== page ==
Living Lab Program
The Living Lab program at UM brings researchers from the University of Michigan into public spaces where interested community members can jump right in as participants in real studies. Many of the studies explore questions about the development of behavior and cognition in children. Thus, children serve as enthusiastic research participants while parents watch and ask questions. Further, many studies ask parents to join in as participants in some of the procedures, or by completing surveys about their children. A key aspect of the Living Lab model is the communication between researchers and the public. The UM Living Lab gives adults and children the chance to see social science in action and to pose questions to the researchers. Thus, the UM Living Lab serves as a way for people to learn more about the science of child development while taking part in that science! The Living Lab program currently has dedicated lab sites at the Ann Arbor Hands-On Museum and the UM Museum of Natural History. Researchers can be found in both spots every weekend, and during school vacations. The Living Lab has also collaborated with the Ann Arbor District Library; families have participated in UM studies at the main branch of the library. Since the fall of 2012, over 5000 families have participated in UM research through the UM Living Lab program.
One of the key goals of the UM Living Lab program is to provide rich research experiences for UM undergraduate and graduate students. UM undergraduates working in Living Lab sites are tasked with recruiting participants, explaining research goals and procedures, running studies with children and parents, debriefing participants, and providing broader education to museum and library visitors about the methods of social science. Putting students in the dual role of researchers and educators pushes them to attain a deeper understanding of the life cycle of a study, as research must be explained to diverse audiences in an accurate but accessible manner. Graduate students running their studies in the Living Lab also benefit from learning how to communicate complex ideas to general audiences in a jargon-free manner. In this remarkable arrangement, researchers gain access to a large pool of participants, museums gain dynamic research-focused ‘exhibits,’ researchers learn invaluable communication skills, and members of the community gain access to exciting new information about child development and the methods of social science.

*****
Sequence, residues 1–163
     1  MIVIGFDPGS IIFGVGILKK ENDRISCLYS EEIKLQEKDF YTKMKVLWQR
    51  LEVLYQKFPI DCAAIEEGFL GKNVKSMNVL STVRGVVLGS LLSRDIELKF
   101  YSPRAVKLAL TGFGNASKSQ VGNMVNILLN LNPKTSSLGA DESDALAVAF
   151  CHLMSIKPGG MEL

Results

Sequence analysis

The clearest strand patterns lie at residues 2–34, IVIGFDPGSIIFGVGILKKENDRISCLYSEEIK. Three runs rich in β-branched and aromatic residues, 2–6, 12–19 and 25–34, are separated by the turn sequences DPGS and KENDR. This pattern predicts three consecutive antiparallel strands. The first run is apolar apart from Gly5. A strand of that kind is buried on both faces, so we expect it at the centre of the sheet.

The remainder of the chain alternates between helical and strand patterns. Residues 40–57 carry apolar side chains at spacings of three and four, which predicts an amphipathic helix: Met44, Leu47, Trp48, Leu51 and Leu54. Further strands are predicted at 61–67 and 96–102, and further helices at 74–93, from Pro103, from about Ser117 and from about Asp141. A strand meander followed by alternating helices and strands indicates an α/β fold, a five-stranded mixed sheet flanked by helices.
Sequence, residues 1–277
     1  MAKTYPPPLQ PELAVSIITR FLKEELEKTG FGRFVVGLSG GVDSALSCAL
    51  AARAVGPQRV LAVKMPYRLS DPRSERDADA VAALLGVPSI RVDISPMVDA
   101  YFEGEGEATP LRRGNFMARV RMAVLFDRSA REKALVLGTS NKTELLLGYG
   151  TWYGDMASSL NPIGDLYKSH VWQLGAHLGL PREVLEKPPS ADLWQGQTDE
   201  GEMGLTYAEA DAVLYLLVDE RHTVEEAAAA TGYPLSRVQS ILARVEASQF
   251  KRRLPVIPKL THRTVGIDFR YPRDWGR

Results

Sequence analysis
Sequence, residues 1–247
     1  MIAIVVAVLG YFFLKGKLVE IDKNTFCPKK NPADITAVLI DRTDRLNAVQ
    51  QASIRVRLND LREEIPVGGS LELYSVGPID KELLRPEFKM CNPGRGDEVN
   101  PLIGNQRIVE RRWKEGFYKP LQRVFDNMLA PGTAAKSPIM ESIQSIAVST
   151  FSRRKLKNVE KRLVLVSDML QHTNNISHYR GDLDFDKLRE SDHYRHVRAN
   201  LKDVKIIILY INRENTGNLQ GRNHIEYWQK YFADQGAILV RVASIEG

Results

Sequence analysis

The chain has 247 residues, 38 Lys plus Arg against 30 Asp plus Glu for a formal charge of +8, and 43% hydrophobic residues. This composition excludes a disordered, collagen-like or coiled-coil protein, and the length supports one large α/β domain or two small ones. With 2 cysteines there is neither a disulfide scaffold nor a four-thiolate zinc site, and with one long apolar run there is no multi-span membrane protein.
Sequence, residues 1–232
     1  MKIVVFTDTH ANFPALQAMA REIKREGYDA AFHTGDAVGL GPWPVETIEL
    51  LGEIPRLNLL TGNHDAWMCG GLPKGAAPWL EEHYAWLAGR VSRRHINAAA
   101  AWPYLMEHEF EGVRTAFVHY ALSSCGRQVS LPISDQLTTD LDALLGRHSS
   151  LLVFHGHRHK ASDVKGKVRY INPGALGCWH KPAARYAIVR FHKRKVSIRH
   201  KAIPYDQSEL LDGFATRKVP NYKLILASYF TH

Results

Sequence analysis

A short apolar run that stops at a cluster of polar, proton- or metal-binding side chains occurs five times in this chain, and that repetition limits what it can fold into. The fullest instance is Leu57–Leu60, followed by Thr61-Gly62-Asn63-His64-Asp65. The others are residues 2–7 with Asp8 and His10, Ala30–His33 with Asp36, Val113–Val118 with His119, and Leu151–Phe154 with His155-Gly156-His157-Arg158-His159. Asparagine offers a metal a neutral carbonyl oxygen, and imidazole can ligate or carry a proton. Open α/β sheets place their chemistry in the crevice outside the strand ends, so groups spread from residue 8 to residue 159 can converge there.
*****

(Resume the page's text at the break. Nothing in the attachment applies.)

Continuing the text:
Please visit the UM Living Lab Program website.
Craig Smith, College of Literature, Science and the Arts
Susan Gelman, College of Literature, Science and the Arts
Henry Wellman, College of Literature, Science and the Arts